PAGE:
I should say that the fact that I highlight the precise area where (in my view) disagreement arises does not imply disagreement in other areas.  I appreciate Steve and other commenters taking the time to engage with the issue, a great deal of what he says (and they say) on the subject is valuable and true, and his comments are well worth reading.

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[1] Other recent posts on the subject of advocating “getting the government out of the marriage business” are Marriage and the death of reason, All the king’s horses and all the king’s marriages, What if only usurers could marry?, and What not to do about tyranny.

[2] Commenter ‘Our Heroine’ and I had an exchange over whether baptism is a contract in this thread.  Qua covenant with God, baptism is not a contract.   The Sanhedrin may have gotten away with taking God to court, but that isn’t something we can do.  But there may be contracts ancillary to baptism which give rise to some tort action, and in any event the point is that contracts are ubiquitous and adjudicating them is part of the very essence of governance, in all societies.  That is why disavowing governance becomes the other ‘bookend’ in this disputation.

§ 39 Responses to If you don’t see what I am saying, check your contract lenses

  • It is not possible for government to be in the business of enforcing all contracts while at the same time not being in the business of marriage qua marriage.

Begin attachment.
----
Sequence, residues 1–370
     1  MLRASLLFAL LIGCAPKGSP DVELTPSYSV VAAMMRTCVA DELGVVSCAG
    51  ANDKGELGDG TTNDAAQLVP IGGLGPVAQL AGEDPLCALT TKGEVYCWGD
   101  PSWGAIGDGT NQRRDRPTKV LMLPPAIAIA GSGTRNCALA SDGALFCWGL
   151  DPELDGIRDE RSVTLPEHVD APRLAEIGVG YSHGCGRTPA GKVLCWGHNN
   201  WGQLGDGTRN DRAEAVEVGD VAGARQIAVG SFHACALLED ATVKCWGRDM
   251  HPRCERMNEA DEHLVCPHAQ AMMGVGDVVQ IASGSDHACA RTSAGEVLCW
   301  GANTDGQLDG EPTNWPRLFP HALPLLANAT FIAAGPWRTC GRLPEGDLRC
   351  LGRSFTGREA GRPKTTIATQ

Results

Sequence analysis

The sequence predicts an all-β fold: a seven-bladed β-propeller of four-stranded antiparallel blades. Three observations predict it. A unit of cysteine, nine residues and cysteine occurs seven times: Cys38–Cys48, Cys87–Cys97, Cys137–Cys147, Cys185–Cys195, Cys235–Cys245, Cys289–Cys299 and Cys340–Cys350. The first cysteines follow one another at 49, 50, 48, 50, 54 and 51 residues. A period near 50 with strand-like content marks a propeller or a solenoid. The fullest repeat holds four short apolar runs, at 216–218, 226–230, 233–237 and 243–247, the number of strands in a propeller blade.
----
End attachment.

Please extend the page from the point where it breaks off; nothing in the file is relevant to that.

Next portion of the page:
Thank you for distilling down the area disagreement Zippy, which (as I would have expected) is not large. By “GOOMB” I mean the government needs to get out of the business of supposing that it knows what marriage is and will settle scores according to its own (likely perverted) norms of justice in spite of the actual contract–whether written or verbal. Of course in a post-official marriage society, most of those contracts had better be written. Since marriage is probably the least trivial contract imaginable, this is not hard. I am saying that the marriage contract should be enforced just like every other contract.

    The area of disagreement seems to me to be what is the nature of the “government” being in “the marriage business”. You seem to take it to mean that the government recognizes and enforce marriage contracts, i.e., like actually today. But the reality is that the government does the first but abjectly refuses to do the latter. They “recognize” marriage in the sense of giving certain powers to spouses for instance to act on behalf of each other in most cases, get a tax break or whatever. But they don’t enforce those contracts. On the contrary, governments routinely tear them up… often even when they’re in writing.